The report states opportunities exist to increase the productivity of agroecosystems in drylands, such as:
- Creating corridors to promote the movement of livestock, which can reduce overgrazing and land degradation caused when animals are confined to small areas
- Diversification of land to integrate crop, tree and livestock production and promote soil fertility through manure, crop residues and provide tree fodder for feed
- Cultivation of local plants better adapted to dry conditions, which can capture benefits from infrequent rainfall and control erosion in areas too dry to support traditional field crops
Wetlands such as lakes, rivers and mangroves, support multiple, high-value ecosystem services, many of which are vital for agriculture, such as water storage and water quality control (eg. purification and retention of nutrients). However, agriculture is a major cause of wetland loss worldwide through water use and land conversion.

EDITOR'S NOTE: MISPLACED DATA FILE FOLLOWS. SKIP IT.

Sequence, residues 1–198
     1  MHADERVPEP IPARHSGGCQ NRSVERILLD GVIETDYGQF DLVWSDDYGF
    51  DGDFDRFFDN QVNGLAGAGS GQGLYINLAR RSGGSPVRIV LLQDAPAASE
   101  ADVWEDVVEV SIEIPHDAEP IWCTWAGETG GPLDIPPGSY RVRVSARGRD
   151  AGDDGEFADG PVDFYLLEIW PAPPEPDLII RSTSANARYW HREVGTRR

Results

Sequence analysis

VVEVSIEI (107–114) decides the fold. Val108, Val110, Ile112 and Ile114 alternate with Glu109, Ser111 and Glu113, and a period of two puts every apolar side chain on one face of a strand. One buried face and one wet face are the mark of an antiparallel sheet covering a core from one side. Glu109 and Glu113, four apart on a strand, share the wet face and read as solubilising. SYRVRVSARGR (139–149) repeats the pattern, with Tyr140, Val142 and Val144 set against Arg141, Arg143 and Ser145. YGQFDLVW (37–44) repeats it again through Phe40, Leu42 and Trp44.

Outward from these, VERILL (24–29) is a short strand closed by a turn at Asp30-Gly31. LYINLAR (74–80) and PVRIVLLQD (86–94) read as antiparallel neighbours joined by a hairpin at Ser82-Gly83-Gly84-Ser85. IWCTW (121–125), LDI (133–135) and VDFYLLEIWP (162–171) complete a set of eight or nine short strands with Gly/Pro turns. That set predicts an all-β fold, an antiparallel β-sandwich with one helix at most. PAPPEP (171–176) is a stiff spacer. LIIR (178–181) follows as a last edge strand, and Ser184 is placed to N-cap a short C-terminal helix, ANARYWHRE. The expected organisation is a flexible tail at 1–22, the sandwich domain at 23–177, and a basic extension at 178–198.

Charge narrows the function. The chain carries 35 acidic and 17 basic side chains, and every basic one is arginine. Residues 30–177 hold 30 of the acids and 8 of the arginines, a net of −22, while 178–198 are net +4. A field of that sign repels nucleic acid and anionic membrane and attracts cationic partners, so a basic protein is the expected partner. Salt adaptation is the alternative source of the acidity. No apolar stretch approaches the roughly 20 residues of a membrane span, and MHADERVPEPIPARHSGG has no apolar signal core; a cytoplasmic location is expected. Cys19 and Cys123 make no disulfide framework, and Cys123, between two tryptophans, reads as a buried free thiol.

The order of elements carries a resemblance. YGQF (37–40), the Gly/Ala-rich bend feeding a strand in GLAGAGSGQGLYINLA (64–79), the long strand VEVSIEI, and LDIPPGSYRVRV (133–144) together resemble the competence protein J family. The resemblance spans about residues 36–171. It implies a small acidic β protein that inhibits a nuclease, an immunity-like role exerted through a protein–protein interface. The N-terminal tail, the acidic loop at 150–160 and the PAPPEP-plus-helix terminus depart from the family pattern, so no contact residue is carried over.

In Asia, for example, over a third of mangrove habitats have been lost since the 1980s due mainly to shrimp and fish farming and deforestation.
Recommended steps for improvement
UNEP, IWMI and partners recommend several steps to help realign agriculture improved and wetland policies.
- Reducing pollution of wetlands through improved practices for the use of fertilisers and pesticides
- The use of buffer strips between land and water to protect rivers and lakes from potentially harmful run-offs
- Providing alternative drinking sites for livestock away from sensitive wetlands
- Improving monitoring and assessment of environmental changes to wetlands
Opportunities exist in specific food production systems, such as crops, fisheries (aquacultures) and livestock, to take into account the interconnections between agriculture and ecosystems services.